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By Ng Huiwen
June 16, 2016
The couple first met at a coffee shop in Yishun when she was working as a beer promoter and he was a regular customer.
On Monday night, Sim Yee Ling, 33, and her husband Simon Tan, 42, were seen together for the last time at a coffee shop in the area with their two young children.
The family of four were headed back to their Ang Mo Kio home after dinner when their white Honda sedan skidded and crashed into a tree at about 1.15am.
The accident occurred at the junction of Lentor Avenue towards Ang Mo Kio Avenue 6 and left the vehicle badly damaged.
Ms Sim, a housewife, suffered head trauma and was pronounced dead at the scene.
Tan, who was the driver, has been arrested for causing death by a rash act.
Ms Sim was born in Ipoh, Malaysia. She married Tan, a Singaporean, in 2012 and later quit her job as a promoter to care for her two sons, aged 3 and 6.
Neighbours said the family had moved into their three-room flat in Ang Mo Kio Avenue 10 about three years ago.
But the couple remained a familiar sight at the Yishun coffee shop where they had met, a customer told Chinese evening daily Lianhe Wanbao yesterday.
They frequented another coffee shop in the neighbourhood, where they had been having dinner with friends before driving home that night.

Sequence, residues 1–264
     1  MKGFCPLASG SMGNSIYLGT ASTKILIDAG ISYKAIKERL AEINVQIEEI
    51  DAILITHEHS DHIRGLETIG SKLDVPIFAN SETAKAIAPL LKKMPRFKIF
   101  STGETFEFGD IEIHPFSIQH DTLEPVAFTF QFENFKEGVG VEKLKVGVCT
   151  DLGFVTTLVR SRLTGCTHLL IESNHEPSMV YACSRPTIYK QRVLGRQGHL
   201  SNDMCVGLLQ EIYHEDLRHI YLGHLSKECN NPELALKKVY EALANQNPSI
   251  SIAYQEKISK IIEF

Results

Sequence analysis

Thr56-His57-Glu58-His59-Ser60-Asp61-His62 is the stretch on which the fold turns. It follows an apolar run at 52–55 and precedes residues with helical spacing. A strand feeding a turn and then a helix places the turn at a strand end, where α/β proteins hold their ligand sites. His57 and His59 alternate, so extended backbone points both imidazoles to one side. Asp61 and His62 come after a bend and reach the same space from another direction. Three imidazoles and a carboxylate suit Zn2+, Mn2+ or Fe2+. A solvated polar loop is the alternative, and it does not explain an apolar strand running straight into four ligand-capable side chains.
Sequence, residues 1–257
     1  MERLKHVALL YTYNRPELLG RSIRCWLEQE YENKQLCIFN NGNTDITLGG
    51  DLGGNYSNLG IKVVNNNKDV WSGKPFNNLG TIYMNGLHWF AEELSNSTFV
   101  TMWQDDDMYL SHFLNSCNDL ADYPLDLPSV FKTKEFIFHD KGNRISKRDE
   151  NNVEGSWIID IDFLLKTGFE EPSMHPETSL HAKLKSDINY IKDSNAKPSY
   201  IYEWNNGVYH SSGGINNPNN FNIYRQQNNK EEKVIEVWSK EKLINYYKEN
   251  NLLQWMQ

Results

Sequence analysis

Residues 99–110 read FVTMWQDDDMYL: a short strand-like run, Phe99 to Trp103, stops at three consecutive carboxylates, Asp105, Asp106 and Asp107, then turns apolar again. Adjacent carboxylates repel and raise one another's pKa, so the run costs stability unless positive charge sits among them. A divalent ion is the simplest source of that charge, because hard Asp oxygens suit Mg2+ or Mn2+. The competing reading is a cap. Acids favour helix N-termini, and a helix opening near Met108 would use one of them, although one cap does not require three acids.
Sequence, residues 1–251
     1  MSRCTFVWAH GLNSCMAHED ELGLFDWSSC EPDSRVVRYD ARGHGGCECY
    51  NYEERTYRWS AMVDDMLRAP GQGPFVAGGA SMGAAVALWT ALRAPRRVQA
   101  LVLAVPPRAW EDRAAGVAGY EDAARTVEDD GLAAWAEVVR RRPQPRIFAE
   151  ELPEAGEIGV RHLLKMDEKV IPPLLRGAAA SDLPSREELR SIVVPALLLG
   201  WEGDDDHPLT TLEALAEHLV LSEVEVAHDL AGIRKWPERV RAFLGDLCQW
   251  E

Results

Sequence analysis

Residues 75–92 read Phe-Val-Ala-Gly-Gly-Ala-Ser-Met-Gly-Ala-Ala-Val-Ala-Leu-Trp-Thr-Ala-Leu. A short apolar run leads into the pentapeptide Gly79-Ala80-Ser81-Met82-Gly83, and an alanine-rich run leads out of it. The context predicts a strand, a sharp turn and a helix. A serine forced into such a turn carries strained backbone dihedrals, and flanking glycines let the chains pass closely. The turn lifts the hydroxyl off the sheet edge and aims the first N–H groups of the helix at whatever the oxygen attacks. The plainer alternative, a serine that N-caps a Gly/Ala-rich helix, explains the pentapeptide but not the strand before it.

Ms Sim was seated in the back of the car with her oldest son who suffered spinal injuries.
The younger boy sustained head injuries and was admitted to the intensive care unit at KK Women's and Children's Hospital.
Both boys were believed to be in stable condition yesterday.
Tan, who suffered a brain haemorrhage, was in intensive care at Khoo Teck Puat Hospital.
Speaking at Ms Sim's wake in Sin Ming Drive yesterday, Tan's older brother said he had undergone surgery and his condition remains serious.
"We have many concerns now. Who will look after the two children?" said the brother who declined to be fully named.
Neighbours described the boys as polite and well-behaved.
Ms Sim was quiet but would often invite other children to her house, said a neighbour, Madam Ng.
The retiree, who would see them playing in the corridor, said: "It's so quiet today without them around."
Said Siti Nurulizzati, a 13-year-old student living on the same floor: "My cousins and I would go to their house almost every day to play with toys."
Experts advised that infants and toddlers should be securely buckled in car seats.
Older ones should use booster seats.
Singapore Safety Driving Centre training manager, Gerard Pereira, added: "All children should also be in the back seat. They are smaller in size and more vulnerable to the impact of an accident, regardless of the speed of the car."